There was so much to enjoy and to learn about Retreat Five. Coming together again with my new family. Learning and sharing new stories. But for me, it was these experiences, these moments that have endured.
When we first got together as a group in February, I was struck by what an impressive, confident and high-achieving group of people it is. What I didn’t fully appreciate then, but do now, is the extent to which the 2018 cohort reflects the diverse society we live in.
We have now reached the point in our Leadership NZ journey, that when the group meet, it’s like connecting with old friends. The 2018 cohort met enthusiastically at the idyllic Caccia Birch House in Palmerston North in anticipation of what lay ahead. Although a little chilly, the sun was to shine on us physically and mentally throughout the next two days.
We arrive into a shared space. Sit in front of invisible pou, bright morning sunlight memorializing silhouetted edges of a fale. Lounge furniture is backed up against the walls of a rectangle living room. Ula-draped photos of family, sports teams, choirs, da Vinci’s The Last Supper, white net curtains blowing across open windows. Every place we have ever sat in this way, is also here. Va tagata.
Thursday 24th May dawned. The start of Session Four - crisp, but not too cold. Entered the NZTE Majestic Centre Building, pushed level 15 in the lift. Doors opened and we were greeted with a magnificent view of the Wellington vista and then the warmth of the 2018 NZ Leadership Programme cohort.
“In a sense, we have continuously negotiated who we are with Pakeha and other cultures in order to fit in, to be accepted, to feel a sense of belonging and worth.” Christina from Salvation Army shares her reflection on our Mana Moana Experience.
This year we have chosen the theme – “Awakened Leadership, in the future of work”.
We live in a world fraught with complexity, volatility and rapid change, and as leaders, it can be a huge challenge to keep up with innovation and technology developments and predict what is required moving into an unknown future. In particular, we are curious about how we prepare ourselves, our people, and our organisations to adapt and respond, or indeed drive the change.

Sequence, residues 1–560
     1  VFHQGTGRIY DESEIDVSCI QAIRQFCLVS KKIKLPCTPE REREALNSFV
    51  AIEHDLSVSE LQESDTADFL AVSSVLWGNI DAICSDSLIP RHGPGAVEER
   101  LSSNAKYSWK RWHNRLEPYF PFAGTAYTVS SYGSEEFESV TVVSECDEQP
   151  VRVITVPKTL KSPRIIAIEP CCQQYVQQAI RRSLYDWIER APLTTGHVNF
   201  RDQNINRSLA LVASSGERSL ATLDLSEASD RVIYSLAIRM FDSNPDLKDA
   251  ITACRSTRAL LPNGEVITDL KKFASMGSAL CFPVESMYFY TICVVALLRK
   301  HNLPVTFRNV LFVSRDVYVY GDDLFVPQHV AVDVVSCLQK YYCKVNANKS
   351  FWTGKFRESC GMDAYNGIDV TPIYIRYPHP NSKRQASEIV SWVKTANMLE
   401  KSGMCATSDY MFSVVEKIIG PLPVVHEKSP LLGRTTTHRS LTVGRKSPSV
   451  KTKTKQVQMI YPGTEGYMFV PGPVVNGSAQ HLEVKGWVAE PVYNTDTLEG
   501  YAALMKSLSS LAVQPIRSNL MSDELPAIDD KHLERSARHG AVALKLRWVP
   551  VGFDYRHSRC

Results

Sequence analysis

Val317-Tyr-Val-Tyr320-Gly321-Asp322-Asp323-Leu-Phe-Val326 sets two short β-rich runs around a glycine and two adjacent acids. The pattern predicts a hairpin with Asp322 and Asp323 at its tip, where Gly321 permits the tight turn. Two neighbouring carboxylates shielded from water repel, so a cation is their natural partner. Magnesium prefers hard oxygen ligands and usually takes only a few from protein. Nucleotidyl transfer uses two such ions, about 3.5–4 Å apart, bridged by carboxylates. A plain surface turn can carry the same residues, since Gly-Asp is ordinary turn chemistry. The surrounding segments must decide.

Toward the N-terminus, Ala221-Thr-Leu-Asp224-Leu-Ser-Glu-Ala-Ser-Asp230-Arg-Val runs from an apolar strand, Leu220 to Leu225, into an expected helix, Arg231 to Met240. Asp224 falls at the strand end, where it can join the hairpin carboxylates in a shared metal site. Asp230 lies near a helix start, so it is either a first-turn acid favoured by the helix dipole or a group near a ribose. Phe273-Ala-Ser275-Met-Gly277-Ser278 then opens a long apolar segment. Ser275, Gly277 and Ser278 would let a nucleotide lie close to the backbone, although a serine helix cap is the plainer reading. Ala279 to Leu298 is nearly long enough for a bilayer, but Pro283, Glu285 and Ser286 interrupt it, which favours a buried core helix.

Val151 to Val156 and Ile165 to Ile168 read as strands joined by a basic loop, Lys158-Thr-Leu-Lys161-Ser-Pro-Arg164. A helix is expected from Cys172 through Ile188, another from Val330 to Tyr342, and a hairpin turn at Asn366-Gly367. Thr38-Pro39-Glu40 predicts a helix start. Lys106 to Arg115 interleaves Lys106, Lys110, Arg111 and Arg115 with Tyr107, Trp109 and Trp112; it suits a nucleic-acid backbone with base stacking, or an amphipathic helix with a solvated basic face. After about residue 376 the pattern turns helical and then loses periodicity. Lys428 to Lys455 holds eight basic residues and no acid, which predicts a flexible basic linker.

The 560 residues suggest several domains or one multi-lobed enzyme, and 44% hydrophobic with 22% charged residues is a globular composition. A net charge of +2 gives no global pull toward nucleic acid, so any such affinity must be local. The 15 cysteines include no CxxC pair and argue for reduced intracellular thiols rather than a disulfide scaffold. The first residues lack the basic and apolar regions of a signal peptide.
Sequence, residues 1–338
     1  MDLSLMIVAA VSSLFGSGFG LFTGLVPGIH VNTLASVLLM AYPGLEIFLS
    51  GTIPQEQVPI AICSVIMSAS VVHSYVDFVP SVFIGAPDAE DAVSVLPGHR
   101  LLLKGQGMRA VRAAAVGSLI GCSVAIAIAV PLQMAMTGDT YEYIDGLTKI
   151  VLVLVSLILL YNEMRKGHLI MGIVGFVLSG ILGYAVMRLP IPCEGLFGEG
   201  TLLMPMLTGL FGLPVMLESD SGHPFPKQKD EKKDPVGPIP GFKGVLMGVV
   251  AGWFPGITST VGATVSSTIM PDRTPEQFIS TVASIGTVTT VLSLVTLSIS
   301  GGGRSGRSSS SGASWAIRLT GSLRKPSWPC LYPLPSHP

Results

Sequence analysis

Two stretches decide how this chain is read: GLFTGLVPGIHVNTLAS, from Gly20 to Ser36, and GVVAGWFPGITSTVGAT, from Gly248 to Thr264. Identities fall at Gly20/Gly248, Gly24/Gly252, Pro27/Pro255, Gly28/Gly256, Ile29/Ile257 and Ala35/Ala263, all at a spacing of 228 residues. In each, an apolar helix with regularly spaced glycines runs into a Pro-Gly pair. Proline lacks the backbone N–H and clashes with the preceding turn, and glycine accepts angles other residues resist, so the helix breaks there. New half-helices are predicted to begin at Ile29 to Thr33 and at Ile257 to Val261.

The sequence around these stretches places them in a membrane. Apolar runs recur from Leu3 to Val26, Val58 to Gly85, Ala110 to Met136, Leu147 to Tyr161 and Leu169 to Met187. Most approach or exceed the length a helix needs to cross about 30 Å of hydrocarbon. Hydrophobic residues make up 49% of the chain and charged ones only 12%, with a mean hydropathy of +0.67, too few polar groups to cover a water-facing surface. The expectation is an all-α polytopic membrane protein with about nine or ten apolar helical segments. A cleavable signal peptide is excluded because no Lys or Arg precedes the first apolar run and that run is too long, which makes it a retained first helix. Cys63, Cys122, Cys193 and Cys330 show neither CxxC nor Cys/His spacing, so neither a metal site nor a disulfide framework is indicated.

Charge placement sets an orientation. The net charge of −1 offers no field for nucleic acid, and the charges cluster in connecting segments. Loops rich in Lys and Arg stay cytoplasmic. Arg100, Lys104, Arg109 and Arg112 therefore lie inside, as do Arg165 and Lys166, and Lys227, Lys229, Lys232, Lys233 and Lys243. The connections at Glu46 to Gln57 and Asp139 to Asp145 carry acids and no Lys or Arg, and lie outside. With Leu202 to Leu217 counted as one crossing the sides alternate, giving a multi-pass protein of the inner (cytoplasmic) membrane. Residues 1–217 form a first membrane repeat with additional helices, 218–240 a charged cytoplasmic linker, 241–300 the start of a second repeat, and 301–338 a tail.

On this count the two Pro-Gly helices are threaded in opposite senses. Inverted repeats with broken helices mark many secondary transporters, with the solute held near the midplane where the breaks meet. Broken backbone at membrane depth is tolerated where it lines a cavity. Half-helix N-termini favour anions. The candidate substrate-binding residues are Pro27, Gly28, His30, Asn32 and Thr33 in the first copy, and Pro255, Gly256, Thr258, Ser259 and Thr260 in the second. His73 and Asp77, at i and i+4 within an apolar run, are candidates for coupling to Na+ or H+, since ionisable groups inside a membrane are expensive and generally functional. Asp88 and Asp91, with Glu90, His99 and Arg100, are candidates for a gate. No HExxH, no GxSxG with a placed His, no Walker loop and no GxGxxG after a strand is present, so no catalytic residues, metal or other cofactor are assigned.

Leadership is not an easy thing to define. So you would expect that would be the place to start for a leadership programme that runs as eight retreats over the course of a year. Find out if Eoghan Walsh got his watertight definition of leadership from our first session.
Somewhere on day one, Anya arrived at the gentle realisation that this year won’t be characterised by asteroid strikes and underpants on the outside. Leadership here won’t talk loudly of itself, for its own sake.
I wonder as you come to the close-out of 2017, how has your integrative year of leadership been? Have you been able to use integrative leadership to more skillfully navigate the polarities, ambiguity and tensions of wicked problems in your team, organisation, or sector? Read all this and more in our newsletter »
Jeanette is a person of paradox, a great example of integrative leadership. She is a petite woman with soft blue eyes and a warm smiling presence, but you know she has to have a hard edge as well to have built such a successful career within New Zealand’s Department of Corrections management system.
It was 2014, the year of Disruptive Leadership. However, Tom comes across as anything but disruptive. At least in any literal sense of the word. In fact, Tom creates an indelible impression of being far more influenced by the more recent Leadership NZ themes of mindful and integrative leadership. He is humble, reflective, self-effacing and there is an authenticity in the way that he views and discusses leadership and his own journey. Regardless, it is clear that Leadership NZ has left its mark on him.
Gandhi was boarding a train one day in India when a journalist asked him, ‘Gandhi, what is your message to the world?’ Gandhi looked at the journalist and simply said ‘My life. My life is my message.’ Dr Selina Tusitala Marsh is following the same tenet. Her life is her message. And her life is poetry.
Adam Bevins; Adrian Wimmers; Anahila Kanongata'a-Suisuiki; Andrew Sharpe; Angela Parquist; Astrid Anderson; Cheryl Bowie; Chris Morgan; Christian Penny; Claire McQuilken; Damon Birchfield; Darren Lee; Darrin Brinsden; David Hall; David Udy; Dr Chellie Spiller; Dr Karlo Mila; Dr Selina Tusitala Marsh; Eddy Royal; Fenella Gray; George Riley; Hayley Shields; Hilary Sumpter; Imogen Parry; James Wilson; Jamie Munro; Jane Carruthers; Jennie Vickers; John Skurr; Jonathan Hulme; Josephine Bartley; Josie Ogden-Schroeder; Julia Hartshorne; Justin Maddox; Karyn McLeod; Kaye-Maree Dunn; Kelly Bewley; Kimberly Rees; Lisa Paraku; Manu Keung; Mary Camp; Megan Hurnard; Megan Tyler; Mini Prasad; Michael Berry; Mina Mathieson; Murray Hickman; Neville Pulman; Nick Astwick; Nicola Brehaut; Olive Brown; Pania Schwenke; Pauline Hanna; Penny Hulse; Peter Fenton; Quentin McCarthy; Rebecca Sinclair; Rob Kerr; Sanjoy Nand; Sarah Graham; Shaun Greaves; Tara Pradhan; Teresa Tepania Ashton; Tom Dibley; Tracy Moyes; Tui Ah Loo.